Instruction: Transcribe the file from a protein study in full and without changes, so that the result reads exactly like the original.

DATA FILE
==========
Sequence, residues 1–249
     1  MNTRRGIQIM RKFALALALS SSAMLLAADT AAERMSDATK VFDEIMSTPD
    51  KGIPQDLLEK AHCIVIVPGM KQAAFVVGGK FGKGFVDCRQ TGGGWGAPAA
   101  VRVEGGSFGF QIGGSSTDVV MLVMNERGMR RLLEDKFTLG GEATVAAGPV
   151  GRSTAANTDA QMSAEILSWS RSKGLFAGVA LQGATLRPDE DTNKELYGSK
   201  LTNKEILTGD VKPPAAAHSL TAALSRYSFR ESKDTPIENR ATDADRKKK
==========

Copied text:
Sequence, residues 1–249
     1  MNTRRGIQIM RKFALALALS SSAMLLAADT AAERMSDATK VFDEIMSTPD
    51  KGIPQDLLEK AHCIVIVPGM KQAAFVVGGK FGKGFVDCRQ TGGGWGAPAA
   101  VRVEGGSFGF QIGGSSTDVV MLVMNERGMR RLLEDKFTLG GEATVAAGPV
   151  GRSTAANTDA QMSAEILSWS RSKGLFAGVA LQGATLRPDE DTNKELYGSK
   201  LTNKEILTGD VKPPAAAHSL TAALSRYSFR ESKDTPIENR ATDADRKKK